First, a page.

I've got a review of Sean Williams' Saturn Returns, the first book in his "Astropolis" series, over at BookSpotCentral. Have a look.
Wednesday, February 25, 2009
Saturday, February 7, 2009
This is not even tangentially related to this site’s subject, but there’s little point to having your own blog if you can’t follow your own arbitrary whims from time to time. I’m planning on getting a cat from the animal shelter within a week or two, and I’d wanted to post something in memory of my old cat for a while, so now seems like the time.
I got Kira from a local shelter in 2000, when she was about 9 months old. I noticed her when I was walking past the rows of cages, and she reached out her front paw and touched me, then pushed her cheek against the cage bars and tried to rub against my hand. Quite a stroke of good fortune for both of us- she had been abandoned there for a while, and was a few days away from being euthanized. Despite being fairly skittish with most people, she seemed to take to me quickly, and so I adopted her.
She loved to sit by the windows, where she could enjoy the sunlight and watch the birds. Once she got used to company, she liked to come up to people, sit nearby, and stick one of her paws out and rest it on the person’s hand. She would always sleep in someone’s bed, preferably with someone in it. She was quite noisy; she had a very loud rumbling purr and would greet people she liked with a sort of chirping sound.
She died too soon. On June 30th of 2008, a tumor that had been growing in her stomach suddenly burst. She had no chance of recovery, and she was put down the same day. It was very sudden; she continued on happily with her usual activities until the last few hours of her life. I’m grateful for that small mercy.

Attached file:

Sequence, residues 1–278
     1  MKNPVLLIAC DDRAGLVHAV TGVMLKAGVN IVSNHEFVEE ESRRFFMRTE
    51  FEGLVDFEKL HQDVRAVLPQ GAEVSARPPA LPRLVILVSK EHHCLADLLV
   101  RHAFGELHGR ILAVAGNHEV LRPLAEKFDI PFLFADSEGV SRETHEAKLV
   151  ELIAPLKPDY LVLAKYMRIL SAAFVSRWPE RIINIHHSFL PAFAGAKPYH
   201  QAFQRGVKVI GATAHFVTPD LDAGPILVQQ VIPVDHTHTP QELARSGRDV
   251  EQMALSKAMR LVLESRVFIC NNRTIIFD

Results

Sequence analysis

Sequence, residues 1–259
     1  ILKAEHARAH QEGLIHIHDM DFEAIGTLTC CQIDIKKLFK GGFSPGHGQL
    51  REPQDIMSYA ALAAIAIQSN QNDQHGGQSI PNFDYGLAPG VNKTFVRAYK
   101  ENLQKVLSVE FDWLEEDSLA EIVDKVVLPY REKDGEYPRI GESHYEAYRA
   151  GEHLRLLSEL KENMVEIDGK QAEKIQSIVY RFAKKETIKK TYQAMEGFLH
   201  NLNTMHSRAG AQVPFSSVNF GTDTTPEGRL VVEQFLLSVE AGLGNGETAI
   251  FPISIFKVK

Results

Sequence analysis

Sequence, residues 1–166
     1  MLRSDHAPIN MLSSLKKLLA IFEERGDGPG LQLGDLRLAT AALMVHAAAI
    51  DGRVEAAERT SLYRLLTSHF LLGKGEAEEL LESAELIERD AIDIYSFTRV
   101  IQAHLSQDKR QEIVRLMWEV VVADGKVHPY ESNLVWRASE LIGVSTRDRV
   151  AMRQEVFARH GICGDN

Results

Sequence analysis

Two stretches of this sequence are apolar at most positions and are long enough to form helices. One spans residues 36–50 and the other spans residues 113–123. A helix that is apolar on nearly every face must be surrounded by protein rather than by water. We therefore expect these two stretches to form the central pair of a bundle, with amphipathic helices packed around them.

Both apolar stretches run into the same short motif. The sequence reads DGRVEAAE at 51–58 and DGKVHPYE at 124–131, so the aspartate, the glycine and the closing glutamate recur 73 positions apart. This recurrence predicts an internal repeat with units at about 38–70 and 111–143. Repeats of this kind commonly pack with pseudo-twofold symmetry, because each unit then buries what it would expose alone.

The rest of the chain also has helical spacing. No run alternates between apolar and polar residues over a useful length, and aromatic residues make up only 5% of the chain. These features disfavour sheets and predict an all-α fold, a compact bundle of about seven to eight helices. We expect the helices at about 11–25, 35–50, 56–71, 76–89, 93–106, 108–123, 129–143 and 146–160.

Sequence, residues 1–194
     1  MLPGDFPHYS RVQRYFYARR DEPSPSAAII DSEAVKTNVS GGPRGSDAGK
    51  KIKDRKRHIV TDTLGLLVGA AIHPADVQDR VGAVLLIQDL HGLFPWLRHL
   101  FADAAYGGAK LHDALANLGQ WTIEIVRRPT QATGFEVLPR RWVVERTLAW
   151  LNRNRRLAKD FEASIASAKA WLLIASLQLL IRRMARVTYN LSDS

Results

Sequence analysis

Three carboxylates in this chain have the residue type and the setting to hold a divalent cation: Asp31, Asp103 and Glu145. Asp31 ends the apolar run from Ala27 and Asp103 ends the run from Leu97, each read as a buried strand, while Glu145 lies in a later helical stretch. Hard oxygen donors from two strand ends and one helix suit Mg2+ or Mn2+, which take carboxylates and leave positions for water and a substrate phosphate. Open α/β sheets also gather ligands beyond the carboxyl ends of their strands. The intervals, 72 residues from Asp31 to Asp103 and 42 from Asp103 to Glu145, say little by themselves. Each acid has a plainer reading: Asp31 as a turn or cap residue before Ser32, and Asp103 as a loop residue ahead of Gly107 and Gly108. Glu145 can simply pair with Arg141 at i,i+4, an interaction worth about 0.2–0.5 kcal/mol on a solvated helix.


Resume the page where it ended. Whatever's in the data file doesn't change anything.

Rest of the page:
She was a wonderful cat, and I was lucky to have her in my life for 8 years. The woman in charge of the cats at the shelter (I’ve always mentally referred to her as the “cat wrangler,” though sadly her real job title probably wasn’t as cool) said she had been neglected and possibly abused by her prior owners, so I guess I was able to give her something better than she would have had otherwise. I hope I did. She deserved it.
Wednesday, February 4, 2009
Via Grasping for the Wind, I came upon this interesting post by James Enge, in which Enge talks about the role played in each person by the “naïve reader” and the “sophisticated reader.” As Enge describes it:
The naive reader wants the hero to kill the bad guy and marry the space-princess (or space-prince, or what have you). The sophisticated reader is muttering, “Yes, this is much like the plot Burroughs used, with overtones of Hamlet and the occasional oblique reference to postmodernism which is de rigueur for self-consciously retrogenerical pastiche, n’est-ce pas?” The naive reader just wants to sit back and enjoy the movie. The sophisticated reader is the guy sitting in the row behind who won’t STFU.
Each person contains both. The naïve reader experiences the story directly- as Enge says, it is “the one for whom the reading experience is emotionally fulfilling.” The sophisticated reader, through deeper analysis and understanding of things beyond what’s up in the foreground, can augment the enjoyment of the naïve reader-or disrupt it, either by identifying issues the naïve reader would miss or running wild and nitpicking everything.
This made me think of a related question: What aspects of fiction are the primary sources of enjoyment, and what aspects are secondary or in the realm of peripheral details or nitpicking? These categories don’t correspond precisely to Enge’s casual and sophisticated reader, but they are somewhat related.